Written and directed by Glasgow based Adura Onashile, Expensive Shit at the Traverse Theatre takes place in the women's toilet of a nightclub. If it hadn't already happened recently in the real world, you would think that the idea of having men getting kicks from staring through two-way mirrors into this private place was an over the top theatrical device. The Shimmy Club in Glasgow was shut down in 2013 after men were found to be paying to leer from behind the glass at women using their toilets. In the play we, the audience, sit in their place, voyeurs to a place people feel they can relax and be themselves.
If you have ever felt uncomfortable with unpaid, often African, toilet attendants in night clubs handing you paper towels, a skoosh of deoderant or a lollipop for tips, then you will recognise Tolu as that character. Nigerian toilet attendant Tolu, (Sabina Cameron) works in the toilet of a Glasgow nightclub, talking to the women and gets paid extra to encourage them to linger at the mirrors or leave the cubicle doors open. The story flits back and forwards between the present and the past where she lived at Fela Kuti's Kalkuta commune, hoping for a better life dancing at his Afrika Shrine club.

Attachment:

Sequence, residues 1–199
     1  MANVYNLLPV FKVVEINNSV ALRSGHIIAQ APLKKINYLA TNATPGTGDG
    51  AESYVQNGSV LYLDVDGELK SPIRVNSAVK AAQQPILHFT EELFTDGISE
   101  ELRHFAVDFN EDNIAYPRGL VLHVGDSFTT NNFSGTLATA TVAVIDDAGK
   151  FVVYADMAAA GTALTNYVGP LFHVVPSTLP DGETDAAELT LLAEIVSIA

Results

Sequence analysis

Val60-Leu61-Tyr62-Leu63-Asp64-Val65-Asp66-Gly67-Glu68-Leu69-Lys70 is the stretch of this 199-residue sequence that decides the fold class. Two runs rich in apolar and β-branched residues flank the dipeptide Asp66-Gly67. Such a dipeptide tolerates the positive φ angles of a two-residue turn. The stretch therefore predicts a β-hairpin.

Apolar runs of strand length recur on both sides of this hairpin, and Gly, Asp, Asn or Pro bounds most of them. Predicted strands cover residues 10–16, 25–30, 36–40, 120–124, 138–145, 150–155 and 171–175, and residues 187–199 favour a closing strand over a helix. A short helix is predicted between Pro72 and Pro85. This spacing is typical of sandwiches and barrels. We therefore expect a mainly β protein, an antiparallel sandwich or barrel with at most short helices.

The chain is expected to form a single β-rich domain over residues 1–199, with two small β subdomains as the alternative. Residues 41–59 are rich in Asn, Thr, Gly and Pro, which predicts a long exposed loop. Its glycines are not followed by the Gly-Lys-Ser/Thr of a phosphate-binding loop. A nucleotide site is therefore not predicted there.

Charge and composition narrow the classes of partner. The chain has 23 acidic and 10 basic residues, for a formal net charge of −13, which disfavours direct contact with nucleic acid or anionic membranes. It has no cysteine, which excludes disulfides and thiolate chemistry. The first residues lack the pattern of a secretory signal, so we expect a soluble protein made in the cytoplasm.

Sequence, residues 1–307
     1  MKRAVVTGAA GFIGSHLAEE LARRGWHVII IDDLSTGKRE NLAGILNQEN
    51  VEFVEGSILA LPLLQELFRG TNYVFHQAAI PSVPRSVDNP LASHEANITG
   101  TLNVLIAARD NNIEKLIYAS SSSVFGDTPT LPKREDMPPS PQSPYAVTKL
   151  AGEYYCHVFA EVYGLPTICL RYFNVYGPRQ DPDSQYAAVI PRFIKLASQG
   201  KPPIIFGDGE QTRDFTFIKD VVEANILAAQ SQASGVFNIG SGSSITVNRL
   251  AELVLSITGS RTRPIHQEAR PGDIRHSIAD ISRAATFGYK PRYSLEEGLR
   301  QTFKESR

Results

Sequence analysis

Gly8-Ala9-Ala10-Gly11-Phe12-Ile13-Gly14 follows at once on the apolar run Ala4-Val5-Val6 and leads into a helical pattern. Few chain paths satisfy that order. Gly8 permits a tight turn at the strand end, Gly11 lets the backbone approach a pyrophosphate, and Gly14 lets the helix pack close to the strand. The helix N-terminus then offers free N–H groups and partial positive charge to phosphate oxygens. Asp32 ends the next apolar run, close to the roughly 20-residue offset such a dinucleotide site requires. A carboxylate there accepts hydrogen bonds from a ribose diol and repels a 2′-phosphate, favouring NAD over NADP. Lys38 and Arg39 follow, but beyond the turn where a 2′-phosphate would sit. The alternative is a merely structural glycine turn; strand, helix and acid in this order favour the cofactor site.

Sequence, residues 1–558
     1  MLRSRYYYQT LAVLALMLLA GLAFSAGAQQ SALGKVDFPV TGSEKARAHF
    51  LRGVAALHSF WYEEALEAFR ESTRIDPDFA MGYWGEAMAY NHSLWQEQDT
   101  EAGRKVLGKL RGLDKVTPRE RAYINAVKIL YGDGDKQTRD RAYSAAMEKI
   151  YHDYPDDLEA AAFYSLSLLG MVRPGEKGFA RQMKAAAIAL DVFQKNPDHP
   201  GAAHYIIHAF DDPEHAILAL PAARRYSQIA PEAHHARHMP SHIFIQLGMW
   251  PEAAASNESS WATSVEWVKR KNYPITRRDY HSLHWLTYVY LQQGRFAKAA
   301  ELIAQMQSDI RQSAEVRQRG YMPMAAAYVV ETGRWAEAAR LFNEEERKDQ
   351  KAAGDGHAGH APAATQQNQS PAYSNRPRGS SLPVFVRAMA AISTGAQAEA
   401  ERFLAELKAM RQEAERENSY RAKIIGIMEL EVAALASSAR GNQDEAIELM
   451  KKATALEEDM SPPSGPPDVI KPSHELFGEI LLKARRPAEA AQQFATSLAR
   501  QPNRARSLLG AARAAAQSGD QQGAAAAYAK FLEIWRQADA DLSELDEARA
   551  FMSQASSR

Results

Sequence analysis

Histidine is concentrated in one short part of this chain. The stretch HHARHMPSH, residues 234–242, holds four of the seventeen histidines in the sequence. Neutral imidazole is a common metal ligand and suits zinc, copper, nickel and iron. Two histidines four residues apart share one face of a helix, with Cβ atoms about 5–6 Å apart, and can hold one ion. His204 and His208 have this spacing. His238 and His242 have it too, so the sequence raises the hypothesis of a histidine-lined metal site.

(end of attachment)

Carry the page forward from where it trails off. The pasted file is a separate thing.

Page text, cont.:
Fela Kuti was an inspirational and controversial figure, married to umpteen of his dancers and singers. The title of the play, an elegant word play for their stories, takes its name from a Fela Kuti album, an Afrobeat classic. The ideals of the commune, the freedom the women hoped to gain by coming to it, is questioned when the women have to face the reality of what they are being asked to do. The four Nigerian women rehearse, talk and argue in the sanctuary of the women's toilets there.